This pit on the upper floor of the Battery Russell was obviously used by the military for getting pumped up for battle by playing “THIS IS SPARTA!”
These holes were meant for something very militaryish, but are now used as glory holes for spirits with a sense of perverted humor.
Hooks in closets for storage of hoses, chain hoists, and shell tongs. Paranormal entities may now use them for storing their own chains, and shrouds during hot weather.
Lantern Niche originally used for…lanterns. There are also blind niches found throughout the battery, which is convenient for the spirits with optical impairments.

Concluding our investigation at Battery Russell, CRAPPER moved on to the main areas of the fort. The ghosts and spirits that reside in the main area should be more extroverted, which means we may find some interactions.

This large iron hoop was used for hoists and pulleys, but is now used to control gargantuan hell hounds.
The structures at Fort Stevens have multiple staircases, which means that the ghosts can float or climb the stairs depending on their personal preferences.
First interaction here! We are the Parkers – the haunting spirits here are obviously trying to make contact!
The remnants of an angel bursting into flames on the wall leads me to believe that there was a great battle between good and evil here – and evil won. Does it still remain?
Indisputable evidence that it does.

We continued on with our investigation, exploring as many nooks and crannies that we could. There were rooms in complete darkness, old weapons in storage behind locked gates, and even more evidence of attempts to make contact with CRAPPER.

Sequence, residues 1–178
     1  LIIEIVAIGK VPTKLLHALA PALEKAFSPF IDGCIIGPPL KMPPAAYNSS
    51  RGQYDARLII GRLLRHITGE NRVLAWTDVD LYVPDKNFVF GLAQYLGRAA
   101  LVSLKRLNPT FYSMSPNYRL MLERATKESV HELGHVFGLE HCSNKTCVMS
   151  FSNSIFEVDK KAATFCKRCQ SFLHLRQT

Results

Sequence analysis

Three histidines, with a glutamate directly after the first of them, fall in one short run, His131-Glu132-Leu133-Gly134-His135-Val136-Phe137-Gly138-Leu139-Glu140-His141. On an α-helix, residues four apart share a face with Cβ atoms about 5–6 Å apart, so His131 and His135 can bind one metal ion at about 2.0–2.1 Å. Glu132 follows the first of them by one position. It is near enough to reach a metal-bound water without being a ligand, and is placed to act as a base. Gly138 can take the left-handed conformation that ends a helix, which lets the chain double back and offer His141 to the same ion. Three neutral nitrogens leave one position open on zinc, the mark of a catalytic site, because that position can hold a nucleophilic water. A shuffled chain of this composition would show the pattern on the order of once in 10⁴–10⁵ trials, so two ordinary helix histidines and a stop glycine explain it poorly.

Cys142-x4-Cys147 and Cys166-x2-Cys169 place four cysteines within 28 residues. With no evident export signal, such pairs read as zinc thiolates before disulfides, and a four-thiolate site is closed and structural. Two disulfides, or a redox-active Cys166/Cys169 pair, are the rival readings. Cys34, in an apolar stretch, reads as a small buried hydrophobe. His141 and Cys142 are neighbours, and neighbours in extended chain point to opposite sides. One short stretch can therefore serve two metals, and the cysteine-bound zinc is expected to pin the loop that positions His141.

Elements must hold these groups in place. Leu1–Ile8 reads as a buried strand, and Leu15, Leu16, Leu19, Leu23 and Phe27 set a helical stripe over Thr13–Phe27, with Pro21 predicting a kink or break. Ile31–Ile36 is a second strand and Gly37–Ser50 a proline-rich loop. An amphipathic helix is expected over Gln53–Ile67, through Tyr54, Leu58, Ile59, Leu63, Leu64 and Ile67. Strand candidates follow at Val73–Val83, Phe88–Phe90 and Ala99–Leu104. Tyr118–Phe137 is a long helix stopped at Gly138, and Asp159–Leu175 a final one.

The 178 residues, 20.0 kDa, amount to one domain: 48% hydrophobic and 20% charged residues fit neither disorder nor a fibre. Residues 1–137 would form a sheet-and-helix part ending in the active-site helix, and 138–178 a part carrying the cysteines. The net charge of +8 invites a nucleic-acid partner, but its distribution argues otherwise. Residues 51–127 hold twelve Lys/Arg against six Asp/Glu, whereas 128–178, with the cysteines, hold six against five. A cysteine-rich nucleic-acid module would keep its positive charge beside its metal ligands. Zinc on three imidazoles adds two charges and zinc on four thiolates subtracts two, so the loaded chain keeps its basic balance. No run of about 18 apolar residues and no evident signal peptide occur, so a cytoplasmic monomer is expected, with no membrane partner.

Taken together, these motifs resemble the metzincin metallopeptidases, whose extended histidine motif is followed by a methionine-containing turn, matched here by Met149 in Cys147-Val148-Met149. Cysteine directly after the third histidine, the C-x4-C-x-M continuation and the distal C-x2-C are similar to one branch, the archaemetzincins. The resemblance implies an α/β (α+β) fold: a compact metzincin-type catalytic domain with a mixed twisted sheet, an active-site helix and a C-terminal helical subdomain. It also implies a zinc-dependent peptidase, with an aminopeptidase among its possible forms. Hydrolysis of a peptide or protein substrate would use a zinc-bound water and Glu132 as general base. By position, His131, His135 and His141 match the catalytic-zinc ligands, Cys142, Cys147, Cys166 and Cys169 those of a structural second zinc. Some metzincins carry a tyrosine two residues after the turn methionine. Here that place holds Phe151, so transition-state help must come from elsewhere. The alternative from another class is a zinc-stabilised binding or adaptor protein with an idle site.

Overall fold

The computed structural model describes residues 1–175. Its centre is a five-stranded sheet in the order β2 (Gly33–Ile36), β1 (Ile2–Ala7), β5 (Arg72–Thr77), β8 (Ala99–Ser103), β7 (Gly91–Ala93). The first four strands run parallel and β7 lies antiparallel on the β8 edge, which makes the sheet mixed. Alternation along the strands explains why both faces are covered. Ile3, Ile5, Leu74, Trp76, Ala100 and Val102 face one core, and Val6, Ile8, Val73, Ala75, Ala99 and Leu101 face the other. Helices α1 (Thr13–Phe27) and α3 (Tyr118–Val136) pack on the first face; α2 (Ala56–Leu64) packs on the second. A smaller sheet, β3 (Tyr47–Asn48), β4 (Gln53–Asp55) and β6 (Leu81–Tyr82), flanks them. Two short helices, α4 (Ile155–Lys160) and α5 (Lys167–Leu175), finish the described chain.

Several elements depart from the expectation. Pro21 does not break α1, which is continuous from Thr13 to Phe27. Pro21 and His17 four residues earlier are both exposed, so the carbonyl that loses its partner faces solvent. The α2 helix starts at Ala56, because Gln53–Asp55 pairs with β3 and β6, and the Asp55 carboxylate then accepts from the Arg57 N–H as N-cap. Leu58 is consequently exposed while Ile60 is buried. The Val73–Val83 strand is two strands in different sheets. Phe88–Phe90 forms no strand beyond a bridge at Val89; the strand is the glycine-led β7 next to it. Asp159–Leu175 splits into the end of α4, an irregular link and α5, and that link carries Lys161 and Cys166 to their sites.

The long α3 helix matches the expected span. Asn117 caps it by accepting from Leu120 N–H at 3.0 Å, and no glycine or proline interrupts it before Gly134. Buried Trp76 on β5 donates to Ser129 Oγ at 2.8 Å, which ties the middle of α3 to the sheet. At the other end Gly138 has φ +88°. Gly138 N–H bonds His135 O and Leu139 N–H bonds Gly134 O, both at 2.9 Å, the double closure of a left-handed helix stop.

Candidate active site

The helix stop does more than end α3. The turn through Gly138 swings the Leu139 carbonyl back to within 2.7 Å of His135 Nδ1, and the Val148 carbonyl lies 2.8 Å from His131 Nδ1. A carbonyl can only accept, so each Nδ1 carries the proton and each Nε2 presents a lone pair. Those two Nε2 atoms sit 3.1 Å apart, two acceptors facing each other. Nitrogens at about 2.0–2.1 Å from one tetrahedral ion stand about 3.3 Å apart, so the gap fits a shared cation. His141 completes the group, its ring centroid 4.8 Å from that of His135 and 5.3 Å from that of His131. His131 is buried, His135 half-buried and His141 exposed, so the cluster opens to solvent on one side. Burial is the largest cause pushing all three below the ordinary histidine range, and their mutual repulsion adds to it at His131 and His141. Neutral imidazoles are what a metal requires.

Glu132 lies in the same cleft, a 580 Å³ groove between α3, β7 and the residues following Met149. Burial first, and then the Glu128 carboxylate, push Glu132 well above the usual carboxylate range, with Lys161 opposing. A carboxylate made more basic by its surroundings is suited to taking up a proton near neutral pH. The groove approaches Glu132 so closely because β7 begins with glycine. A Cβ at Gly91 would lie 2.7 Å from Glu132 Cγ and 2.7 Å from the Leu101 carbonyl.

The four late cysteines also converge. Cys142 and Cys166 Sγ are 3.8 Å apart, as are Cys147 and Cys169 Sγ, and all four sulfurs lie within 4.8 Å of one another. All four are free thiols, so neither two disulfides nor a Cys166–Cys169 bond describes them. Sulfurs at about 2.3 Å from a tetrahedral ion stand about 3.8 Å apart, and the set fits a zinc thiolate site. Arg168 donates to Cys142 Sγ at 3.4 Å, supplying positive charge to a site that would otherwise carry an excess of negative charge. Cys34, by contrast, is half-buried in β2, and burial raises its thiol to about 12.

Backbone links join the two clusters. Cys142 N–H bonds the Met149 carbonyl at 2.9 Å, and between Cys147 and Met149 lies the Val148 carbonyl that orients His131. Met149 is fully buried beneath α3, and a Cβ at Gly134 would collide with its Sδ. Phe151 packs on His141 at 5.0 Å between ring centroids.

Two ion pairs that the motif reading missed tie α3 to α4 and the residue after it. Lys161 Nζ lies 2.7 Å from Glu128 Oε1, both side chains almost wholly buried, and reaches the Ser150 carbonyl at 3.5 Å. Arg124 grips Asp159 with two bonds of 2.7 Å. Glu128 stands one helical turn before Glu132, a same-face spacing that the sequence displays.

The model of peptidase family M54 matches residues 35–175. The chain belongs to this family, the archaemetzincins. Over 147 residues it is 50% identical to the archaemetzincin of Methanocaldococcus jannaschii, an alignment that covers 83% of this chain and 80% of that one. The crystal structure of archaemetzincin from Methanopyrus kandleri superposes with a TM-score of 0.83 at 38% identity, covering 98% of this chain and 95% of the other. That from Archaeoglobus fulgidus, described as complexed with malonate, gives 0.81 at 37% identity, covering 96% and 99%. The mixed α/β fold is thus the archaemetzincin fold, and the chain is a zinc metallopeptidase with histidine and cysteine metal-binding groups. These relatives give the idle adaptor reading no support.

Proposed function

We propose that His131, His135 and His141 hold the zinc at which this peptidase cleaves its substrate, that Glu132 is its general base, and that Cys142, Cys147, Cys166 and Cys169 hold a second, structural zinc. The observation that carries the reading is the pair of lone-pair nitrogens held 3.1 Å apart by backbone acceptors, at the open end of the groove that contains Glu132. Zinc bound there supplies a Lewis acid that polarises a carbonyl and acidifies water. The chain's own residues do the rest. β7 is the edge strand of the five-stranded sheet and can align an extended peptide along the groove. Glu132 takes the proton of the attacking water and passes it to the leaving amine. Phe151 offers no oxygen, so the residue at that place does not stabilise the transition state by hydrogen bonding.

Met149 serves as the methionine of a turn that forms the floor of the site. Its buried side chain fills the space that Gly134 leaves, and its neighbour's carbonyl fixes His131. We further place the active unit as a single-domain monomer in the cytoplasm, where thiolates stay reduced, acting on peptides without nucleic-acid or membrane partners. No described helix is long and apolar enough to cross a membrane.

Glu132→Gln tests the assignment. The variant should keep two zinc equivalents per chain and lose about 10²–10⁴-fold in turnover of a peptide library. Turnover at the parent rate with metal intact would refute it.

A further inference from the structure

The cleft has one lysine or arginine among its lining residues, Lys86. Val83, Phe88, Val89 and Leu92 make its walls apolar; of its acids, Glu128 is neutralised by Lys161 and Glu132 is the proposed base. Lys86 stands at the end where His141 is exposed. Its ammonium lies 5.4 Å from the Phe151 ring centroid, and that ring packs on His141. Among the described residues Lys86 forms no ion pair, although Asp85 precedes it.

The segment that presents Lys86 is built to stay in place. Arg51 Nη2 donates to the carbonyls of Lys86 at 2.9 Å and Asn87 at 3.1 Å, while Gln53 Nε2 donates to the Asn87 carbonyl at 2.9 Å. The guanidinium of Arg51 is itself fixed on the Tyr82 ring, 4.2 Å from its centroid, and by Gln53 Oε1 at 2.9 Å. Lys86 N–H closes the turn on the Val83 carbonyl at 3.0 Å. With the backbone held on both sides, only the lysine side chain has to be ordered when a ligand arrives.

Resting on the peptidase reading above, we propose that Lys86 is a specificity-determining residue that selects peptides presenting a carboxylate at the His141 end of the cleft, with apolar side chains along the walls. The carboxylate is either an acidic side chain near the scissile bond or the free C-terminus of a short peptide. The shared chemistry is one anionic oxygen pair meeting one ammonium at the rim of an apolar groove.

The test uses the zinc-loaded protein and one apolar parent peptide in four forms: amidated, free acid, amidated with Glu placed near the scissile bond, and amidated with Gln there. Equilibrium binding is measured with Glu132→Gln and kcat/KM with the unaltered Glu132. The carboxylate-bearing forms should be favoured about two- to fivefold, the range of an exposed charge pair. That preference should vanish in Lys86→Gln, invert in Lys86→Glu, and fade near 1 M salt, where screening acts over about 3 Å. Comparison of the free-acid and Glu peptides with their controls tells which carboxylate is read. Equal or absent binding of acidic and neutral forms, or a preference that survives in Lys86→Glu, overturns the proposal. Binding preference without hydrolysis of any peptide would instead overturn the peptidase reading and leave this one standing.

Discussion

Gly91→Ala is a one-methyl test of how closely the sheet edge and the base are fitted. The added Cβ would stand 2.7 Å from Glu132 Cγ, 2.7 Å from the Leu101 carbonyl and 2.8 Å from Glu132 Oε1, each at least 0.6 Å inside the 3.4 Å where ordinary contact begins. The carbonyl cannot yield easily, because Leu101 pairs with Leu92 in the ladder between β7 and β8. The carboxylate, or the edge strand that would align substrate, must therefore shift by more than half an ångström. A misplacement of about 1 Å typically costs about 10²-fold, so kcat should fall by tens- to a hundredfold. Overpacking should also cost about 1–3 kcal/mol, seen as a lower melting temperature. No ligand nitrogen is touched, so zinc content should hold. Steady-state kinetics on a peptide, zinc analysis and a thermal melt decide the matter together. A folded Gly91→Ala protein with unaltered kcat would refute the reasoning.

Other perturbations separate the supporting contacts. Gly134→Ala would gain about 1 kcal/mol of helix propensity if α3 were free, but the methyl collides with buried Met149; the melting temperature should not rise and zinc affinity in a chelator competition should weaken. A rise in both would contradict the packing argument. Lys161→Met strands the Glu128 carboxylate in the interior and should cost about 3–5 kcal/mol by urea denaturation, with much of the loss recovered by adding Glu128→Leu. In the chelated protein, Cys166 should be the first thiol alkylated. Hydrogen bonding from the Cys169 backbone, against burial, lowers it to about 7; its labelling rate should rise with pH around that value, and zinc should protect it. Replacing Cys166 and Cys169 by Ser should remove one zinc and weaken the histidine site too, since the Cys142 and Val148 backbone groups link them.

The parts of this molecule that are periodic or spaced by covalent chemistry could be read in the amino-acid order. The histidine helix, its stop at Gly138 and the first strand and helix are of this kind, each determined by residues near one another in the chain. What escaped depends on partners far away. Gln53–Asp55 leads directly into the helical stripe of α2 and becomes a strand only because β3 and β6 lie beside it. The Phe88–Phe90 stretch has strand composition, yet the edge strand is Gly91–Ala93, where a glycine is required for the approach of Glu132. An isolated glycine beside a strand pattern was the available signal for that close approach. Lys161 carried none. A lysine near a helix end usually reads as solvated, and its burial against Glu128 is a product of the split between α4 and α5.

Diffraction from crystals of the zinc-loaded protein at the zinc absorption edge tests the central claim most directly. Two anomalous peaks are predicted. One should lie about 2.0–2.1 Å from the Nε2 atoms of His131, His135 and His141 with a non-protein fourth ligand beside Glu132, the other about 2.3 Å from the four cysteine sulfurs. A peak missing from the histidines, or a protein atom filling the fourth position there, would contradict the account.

A few sections of the buildings were off limits due to not being structurally sound. It is unknown if this was caused by natural elements or by battles between the light and the dark.
The tracks along the ceiling were used to move the large ammunition throughout the battery. While walking underneath them I heard an eerie voice crying “An upside-down roller-coaster! Look Ma! No hands!”
A locked portion of the fort that leads to underground bunkers. I am unsure what may remain behind the gates.
Behind these locked gates is sporting equipment that more adventure seeking ghosts have obviously stolen. – They lost everything when they died, don’t you think that includes athletic equipment?
Here is an example of a blind niche (mentioned earlier) that is used by the visually impaired spirits.
Another message received from the spiritual realm. We tried to assist with GPS coordinates, but seemed to only cause frustration.
The spirit showed CRAPPER their frustration by possessing this harmless bird. After possession, the bird swooped toward us with fury and anger on it’s little bird face. Eventually it flew down a dark corridor to find it’s master.
A lantern niche with iron gates to keep the spirits from blowing out the lanterns and then yelling “BOO” in the darkness.
This looks similar to the “THIS IS SPARTA!” hole from earlier, however this one has tiny bleachers for audiences of gnomes or fairies to watch the Spartan pep rally’s.